Interpretation of diagnostic log file entries

Use the db2diag log files analysis tool (db2diag) to filter and format the db2diag log files. With the addition of administration notification log messages being logged to the db2diag log files using a standardized message format, viewing the db2diag log files first is a recommended choice to understand what has been happening to the database.

As an alternative to using db2diag, you can use a text editor to view the diagnostic log file on the machine where you suspect a problem to have occurred. The most recent events recorded are the furthest down the file.

Note: The administration notification (instance_name.nfy) and diagnostic (db2diag) logs grow continuously as single log files. When the diagsize database manager configuration parameter is set to a nonzero value, both the administration notification and the db2diag log files become a series of rotating log files (instance_name.N.nfy and db2diag.N.log) having a limited total size which is determined by the value of the diagsize configuration parameter.

The following example shows the header information for a sample log entry, with all the parts of the log identified.

Note: Not every log entry will contain all of these parts. Only the first several fields (timestamp to TID) and FUNCTION will be present in all the db2diag log file records.
2007-05-18- 1  I27204F655 2  LEVEL: Info 3 
PID : 3228 4  TID : 8796 5  PROC : db2syscs.exe 6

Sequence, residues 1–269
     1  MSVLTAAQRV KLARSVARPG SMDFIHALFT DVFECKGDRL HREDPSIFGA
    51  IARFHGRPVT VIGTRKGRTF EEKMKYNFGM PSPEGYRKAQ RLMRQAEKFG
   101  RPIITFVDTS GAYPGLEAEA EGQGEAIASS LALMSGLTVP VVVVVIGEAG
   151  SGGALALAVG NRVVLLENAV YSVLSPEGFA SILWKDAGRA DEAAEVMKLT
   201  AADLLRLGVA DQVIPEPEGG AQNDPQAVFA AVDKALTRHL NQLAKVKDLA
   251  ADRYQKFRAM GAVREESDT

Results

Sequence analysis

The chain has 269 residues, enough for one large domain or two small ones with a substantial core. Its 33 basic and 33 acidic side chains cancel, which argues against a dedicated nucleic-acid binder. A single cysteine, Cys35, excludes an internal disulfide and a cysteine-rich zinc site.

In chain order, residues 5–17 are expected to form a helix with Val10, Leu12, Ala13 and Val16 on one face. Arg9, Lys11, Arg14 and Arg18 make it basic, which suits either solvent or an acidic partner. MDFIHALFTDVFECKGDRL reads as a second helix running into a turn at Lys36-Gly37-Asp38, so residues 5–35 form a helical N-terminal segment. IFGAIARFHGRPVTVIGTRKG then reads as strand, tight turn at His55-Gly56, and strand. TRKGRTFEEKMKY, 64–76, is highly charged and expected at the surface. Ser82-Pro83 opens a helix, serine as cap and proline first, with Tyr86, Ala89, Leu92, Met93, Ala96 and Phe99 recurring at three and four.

INSTANCE: DB2MPP 7  NODE : 002 8  DB : WIN3DB1 9 
APPHDL : 0-51 10  APPID: 11 
EDUID : 8796 13  EDUNAME: db2agntp 14  (WIN3DB1) 2
FUNCTION: 15  Db2, data management, sqldInitDBCB, probe:4820
DATA #1 : 16  String, 26 bytes
Setting ADC Threshold to: 
DATA #2 : unsigned integer, 8 bytes 


A timestamp and timezone for the message.
Note: Timestamps in the db2diag log files contain a time zone. For example: 2006-02-13-, where "-300" is the difference between UTC (Coordinated Universal Time, formerly known as GMT) and local time at the application server in minutes. Thus -300 represents UTC - 5 hours, for example, EST (Eastern Standard Time).
The record ID field. The recordID of the db2diag log files specifies the file offset at which the current message is being logged (for example, 27204) and the message length (for example, 655) for the platform where the Db2® diagnostic log was created.
The diagnostic level of the message. The levels are Info, Warning, Error, Severe, Critical, and Event.
The process ID
The thread ID
The process name
The name of the instance generating the message.
For multi-partition systems, the database partition generating the message. (In a non-partitioned database, the value is "000".)
The database name
The application handle. This value aligns with that used in db2pd output and lock dump files. It consists of the coordinator partition number followed by the coordinator index number, separated by a dash.
Identification of the application for which the process is working. In this example, the process generating the message is working on behalf of an application with the ID

A TCP/IP-generated application ID is composed of three sections

  1. IP address: It is represented as a 32-bit number displayed as a maximum of 8 hexadecimal characters.
  2. Port number: It is represented as 4 hexadecimal characters.
  3. A unique identifier for the instance of this application.
Note: When the hexadecimal versions of the IP address or port number begin with 0 through to 9, they are changed to G through to P. For example, "0" is mapped to "G", "1" is mapped to "H", and so on. The IP address, AC10150C.NA04.006D07064947 is interpreted as follows: The IP address remains AC10150C, which translates to The port number is NA04. The first character is "N", which maps to "7". Therefore, the hexadecimal form of the port number is 7A04, which translates to 31236 in decimal form.